Answers to your inventory management questions

This winter, Boating Industry magazine hosted a regular series of webinars focused on various issues facing dealerships today. The monthly events, sponsored by Boat Trader, covered dealership traffic, social media, reputation management, and most recently inventory management.

Each webinar assembles a panel of experts who present on the topic and then answer questions from the audience. The inventory management webinar, held in February, included dealer consultant David Parker of Parker Business Planning; Jeff Schertz, marine operations leader at GE Capital; Mike McKay, marine risk leader at GE Capital; David S. Wilson, vice president - strategic at GE Capital; and Kevin Roggenbuck, owner of Lake Union Sea Ray, Seattle.

Parker spoke on tools dealers can use to successfully manage inventory; the representatives from GE discussed the true cost of aged inventory and provided tips on managing your floorplan; and Roggenbuck described his dealership’s Pipeline Management System for inventory.

During the question and answer session that followed, the presenters shared a number of thoughts on inventory management and the coming year.

What do you see as the industry average for turns in 2011?

During his presentation, Schertz shared data on industry-wide turn ratios for the past several years - 1.6 in 2008, 1.5 in 2009, and 1.8 in 2010. During the Q&A, he predicted an average of about 1.75 for 2011.

“We foresee a little bit of shortage in the industry, especially in certain product niches, and we think dealers are going to need to stock up from where they are at this point in time,” Schertz said.

Are there tools available for dealers to make decisions whether to take a deal or to hold off for a better retail offer?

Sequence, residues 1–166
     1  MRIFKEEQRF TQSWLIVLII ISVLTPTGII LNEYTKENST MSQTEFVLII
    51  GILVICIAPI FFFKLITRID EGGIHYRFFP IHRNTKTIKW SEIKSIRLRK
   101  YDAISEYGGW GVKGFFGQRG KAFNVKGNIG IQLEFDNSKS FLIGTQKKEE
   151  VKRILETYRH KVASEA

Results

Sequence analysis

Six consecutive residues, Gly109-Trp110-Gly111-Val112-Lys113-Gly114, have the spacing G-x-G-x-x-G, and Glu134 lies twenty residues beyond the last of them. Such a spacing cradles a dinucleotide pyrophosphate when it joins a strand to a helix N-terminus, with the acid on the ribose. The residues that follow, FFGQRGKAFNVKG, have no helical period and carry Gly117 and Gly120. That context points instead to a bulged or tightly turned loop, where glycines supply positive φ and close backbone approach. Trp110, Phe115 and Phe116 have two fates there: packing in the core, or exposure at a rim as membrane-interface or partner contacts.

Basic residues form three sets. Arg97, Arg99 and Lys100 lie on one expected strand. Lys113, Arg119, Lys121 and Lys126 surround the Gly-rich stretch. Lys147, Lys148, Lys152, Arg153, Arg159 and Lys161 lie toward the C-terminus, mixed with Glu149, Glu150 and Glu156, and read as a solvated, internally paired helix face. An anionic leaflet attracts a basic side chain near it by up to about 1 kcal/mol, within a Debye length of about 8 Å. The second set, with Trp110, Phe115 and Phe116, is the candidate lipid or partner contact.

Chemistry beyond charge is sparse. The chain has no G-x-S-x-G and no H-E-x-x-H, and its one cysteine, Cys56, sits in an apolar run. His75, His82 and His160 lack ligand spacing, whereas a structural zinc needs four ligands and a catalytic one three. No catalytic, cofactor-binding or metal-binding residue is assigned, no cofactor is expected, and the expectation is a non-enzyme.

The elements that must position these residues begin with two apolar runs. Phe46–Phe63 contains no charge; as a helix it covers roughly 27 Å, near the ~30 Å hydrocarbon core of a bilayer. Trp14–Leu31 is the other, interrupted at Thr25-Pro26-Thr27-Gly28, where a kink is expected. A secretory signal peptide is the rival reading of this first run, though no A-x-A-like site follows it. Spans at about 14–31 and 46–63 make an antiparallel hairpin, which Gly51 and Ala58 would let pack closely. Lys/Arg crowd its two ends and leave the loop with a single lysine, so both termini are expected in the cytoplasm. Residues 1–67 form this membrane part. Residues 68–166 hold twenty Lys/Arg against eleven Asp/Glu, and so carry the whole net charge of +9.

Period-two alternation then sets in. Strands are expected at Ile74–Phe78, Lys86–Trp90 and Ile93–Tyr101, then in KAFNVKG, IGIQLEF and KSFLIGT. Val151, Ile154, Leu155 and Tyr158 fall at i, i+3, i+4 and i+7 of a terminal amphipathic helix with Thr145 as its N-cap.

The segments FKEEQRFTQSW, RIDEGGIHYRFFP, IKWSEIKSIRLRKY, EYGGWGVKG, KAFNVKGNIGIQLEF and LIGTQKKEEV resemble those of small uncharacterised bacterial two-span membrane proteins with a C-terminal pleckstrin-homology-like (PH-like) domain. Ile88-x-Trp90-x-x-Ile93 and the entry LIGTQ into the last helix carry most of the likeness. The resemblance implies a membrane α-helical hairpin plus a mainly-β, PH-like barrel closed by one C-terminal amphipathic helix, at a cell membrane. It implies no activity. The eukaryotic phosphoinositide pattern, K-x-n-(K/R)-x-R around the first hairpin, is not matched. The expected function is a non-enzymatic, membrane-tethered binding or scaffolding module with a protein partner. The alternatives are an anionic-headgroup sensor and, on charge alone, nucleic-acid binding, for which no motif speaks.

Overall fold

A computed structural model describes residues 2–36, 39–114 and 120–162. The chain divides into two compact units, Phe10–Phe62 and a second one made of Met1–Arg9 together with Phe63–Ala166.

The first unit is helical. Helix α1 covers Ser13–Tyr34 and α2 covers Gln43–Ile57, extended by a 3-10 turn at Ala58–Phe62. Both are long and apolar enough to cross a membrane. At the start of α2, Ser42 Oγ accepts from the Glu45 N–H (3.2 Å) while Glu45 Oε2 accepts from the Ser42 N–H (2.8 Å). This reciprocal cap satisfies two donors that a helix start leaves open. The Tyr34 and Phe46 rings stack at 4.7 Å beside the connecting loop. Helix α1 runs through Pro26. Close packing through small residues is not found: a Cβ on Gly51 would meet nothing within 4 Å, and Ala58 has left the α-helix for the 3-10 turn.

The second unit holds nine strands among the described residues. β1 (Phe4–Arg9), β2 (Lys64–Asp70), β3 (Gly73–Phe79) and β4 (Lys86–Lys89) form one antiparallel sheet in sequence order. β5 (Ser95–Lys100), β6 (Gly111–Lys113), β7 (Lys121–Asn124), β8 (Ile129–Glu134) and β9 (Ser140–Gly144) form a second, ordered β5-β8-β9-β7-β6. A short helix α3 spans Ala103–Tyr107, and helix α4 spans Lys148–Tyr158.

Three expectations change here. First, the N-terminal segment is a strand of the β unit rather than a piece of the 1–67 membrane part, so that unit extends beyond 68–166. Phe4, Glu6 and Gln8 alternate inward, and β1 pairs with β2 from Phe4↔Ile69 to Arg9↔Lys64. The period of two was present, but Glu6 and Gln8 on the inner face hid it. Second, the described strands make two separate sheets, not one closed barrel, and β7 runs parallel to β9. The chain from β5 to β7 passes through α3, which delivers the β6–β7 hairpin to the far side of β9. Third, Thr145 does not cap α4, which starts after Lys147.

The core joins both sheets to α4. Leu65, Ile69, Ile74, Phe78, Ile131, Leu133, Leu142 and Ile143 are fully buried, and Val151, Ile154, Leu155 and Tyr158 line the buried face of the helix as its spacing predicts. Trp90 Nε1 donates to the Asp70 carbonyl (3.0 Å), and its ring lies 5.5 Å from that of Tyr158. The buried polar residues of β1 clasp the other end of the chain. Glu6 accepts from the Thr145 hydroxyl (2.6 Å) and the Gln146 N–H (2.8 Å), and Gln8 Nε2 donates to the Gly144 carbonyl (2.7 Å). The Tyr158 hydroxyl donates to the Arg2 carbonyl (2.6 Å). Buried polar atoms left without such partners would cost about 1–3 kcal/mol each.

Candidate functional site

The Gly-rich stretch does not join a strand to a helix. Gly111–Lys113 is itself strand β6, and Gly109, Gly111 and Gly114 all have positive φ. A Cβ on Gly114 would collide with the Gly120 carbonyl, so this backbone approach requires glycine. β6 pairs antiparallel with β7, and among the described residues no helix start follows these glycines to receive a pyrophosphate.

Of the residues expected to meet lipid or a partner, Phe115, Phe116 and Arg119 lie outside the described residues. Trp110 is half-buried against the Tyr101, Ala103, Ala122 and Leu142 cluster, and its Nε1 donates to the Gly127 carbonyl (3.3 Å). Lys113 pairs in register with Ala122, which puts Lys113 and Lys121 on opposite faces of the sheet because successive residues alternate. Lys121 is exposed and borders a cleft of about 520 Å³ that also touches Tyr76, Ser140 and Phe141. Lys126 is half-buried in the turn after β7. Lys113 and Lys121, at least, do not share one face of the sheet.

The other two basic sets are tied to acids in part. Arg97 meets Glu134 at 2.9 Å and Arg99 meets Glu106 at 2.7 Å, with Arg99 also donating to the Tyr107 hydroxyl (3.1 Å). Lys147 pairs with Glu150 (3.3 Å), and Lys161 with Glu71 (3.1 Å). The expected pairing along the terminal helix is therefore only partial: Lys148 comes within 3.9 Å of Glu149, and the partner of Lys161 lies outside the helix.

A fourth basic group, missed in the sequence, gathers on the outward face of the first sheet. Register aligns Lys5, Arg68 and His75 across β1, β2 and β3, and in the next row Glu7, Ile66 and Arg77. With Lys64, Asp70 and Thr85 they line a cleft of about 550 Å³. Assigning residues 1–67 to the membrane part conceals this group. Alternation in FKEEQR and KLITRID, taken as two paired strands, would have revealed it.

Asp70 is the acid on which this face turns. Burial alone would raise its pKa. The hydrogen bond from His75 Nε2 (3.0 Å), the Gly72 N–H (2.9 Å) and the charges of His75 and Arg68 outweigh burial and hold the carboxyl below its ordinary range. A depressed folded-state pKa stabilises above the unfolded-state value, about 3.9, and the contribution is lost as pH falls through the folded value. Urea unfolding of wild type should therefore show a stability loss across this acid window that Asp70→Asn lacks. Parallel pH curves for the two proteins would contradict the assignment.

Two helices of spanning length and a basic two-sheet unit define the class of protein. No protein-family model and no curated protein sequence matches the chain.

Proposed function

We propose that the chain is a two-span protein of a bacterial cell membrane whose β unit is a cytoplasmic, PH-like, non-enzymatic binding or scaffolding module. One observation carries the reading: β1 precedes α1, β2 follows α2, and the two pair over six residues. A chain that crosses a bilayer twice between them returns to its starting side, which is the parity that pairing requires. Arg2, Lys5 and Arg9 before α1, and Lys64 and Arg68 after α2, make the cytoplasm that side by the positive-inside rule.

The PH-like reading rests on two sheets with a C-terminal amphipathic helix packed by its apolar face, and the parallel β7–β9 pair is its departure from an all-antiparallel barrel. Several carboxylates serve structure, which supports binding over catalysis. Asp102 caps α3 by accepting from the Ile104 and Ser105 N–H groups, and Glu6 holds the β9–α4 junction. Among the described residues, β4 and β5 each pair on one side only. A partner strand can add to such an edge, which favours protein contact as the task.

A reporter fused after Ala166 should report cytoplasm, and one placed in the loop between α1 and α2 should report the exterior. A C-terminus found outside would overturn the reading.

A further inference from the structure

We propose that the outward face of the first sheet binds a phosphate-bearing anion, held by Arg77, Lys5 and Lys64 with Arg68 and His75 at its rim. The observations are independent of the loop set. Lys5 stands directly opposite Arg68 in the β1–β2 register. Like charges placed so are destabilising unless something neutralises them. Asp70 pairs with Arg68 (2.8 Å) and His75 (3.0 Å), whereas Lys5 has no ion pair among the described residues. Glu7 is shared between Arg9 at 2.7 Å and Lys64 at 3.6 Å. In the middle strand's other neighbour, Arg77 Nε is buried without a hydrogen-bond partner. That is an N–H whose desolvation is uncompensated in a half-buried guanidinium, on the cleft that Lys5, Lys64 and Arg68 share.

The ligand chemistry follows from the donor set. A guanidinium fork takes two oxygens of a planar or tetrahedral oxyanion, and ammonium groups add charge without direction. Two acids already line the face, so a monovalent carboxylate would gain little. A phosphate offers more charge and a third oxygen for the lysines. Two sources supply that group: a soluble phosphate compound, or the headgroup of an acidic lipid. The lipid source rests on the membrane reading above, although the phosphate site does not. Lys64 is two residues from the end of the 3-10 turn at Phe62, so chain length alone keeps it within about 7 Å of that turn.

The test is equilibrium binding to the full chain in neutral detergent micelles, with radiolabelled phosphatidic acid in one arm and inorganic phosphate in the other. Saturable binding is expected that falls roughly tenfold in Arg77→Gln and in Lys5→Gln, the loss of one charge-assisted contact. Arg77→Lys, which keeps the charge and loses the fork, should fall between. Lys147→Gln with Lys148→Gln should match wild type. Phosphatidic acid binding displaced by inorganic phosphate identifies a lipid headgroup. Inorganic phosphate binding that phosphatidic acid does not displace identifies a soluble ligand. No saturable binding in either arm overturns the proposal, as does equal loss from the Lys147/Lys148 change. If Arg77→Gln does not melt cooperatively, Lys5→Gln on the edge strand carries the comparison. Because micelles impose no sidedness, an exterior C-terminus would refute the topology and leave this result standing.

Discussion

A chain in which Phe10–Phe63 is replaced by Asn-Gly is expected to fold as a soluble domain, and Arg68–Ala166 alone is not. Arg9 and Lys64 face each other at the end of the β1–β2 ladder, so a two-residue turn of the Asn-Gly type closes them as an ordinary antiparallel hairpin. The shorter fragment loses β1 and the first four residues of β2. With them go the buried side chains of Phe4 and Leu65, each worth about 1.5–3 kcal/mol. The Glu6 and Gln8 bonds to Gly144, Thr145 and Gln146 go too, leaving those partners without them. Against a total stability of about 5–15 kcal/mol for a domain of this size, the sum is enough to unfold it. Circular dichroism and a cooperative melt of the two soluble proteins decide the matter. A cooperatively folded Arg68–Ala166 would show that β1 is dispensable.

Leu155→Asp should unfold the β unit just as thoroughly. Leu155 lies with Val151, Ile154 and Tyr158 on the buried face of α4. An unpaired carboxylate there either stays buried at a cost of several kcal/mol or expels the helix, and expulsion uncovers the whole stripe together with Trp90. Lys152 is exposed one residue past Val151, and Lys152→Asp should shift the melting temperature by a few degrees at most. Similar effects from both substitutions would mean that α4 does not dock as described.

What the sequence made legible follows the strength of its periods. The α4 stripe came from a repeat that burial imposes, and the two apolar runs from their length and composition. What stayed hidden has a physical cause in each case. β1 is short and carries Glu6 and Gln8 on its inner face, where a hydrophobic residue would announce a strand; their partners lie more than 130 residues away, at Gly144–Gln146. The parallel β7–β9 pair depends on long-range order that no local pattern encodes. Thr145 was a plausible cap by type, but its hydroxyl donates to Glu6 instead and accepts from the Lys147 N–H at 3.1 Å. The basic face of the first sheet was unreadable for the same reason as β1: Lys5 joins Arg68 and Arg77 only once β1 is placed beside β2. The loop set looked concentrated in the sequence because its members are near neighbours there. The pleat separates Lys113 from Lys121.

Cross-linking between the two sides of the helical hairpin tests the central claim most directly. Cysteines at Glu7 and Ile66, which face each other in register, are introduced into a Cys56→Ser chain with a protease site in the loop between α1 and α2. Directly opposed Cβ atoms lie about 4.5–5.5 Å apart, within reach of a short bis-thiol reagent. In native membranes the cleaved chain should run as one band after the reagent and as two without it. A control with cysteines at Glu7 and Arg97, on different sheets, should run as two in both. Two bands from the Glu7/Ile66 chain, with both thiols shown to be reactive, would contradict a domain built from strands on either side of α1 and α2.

When asked for help assessing a potential deal, Parker offered a simple piece of advice: “What I recommend for dealers is looking at how long that boat’s been in inventory.”
Parker uses an inventory worksheet that calculates days in inventory and grades the inventory based on how long it’s been there. For example, white is within six months, yellow is from 6 to 9 months and orange is from 9 to 12 months.

“When it gets over a year old, you take whatever you’ve got to take to sell that boat, because it’s a depreciating asset that’s going down in value,” Parker said. “And that would mean if you’ve got to take invoice, or five over, or even five under, get rid of that inventory, and re-invest that money in something that is turning, that you can make money on, rather than try to hang on to it.”

In calculating turn rate, how do you deal with units ordered from the factory already sold, therefore turning over in less than a month?

Roggenbuck said as a dealer, he counts units ordered from the factory already sold just like everything else.

“They’re not pulled out of the equation,” he said.
Parker agreed.

“They’re just all part of the package,” he said. “It helps to increase the cost of sales that goes through your business. It therefore will automatically increase your turnover. So you just let it run as part of the normal business.”

Has most aged inventory flowed through the system, or is there still a lot out there?

Schertz noted that aged inventory has decreased significantly from its peak as a percentage of GE’s portfolio.

“It’s down considerably from where it was,” he said, “and if you look at the numbers that we put out for what’s out there over 18 months, we’re at 19 percent. The 24-month number is somewhere around 10 percent. So the aged inventory has flushed out very well over the last 10 to 15 months.”

Schertz said that while larger boats typically take longer to sell, that segment has also improved recently.

“That’s just the nature of the larger boat, it might take a little bit longer to sell,” he said. “But it has also come down dramatically over the last 12 months.”

Parker added that in his consulting, he has seen aged inventory decrease firsthand.

“In our 20 groups, we’ve been pounding on inventory for a couple of years now, and in our groups, just about all of the non-current inventory is gone,” he said. “They’re pretty clean, most all of them, and I’m looking forward to a really good year for a lot of my dealers.”

The complete one-hour webinar, including the Q&A session, is available for download here: Inventory Management Webinar.

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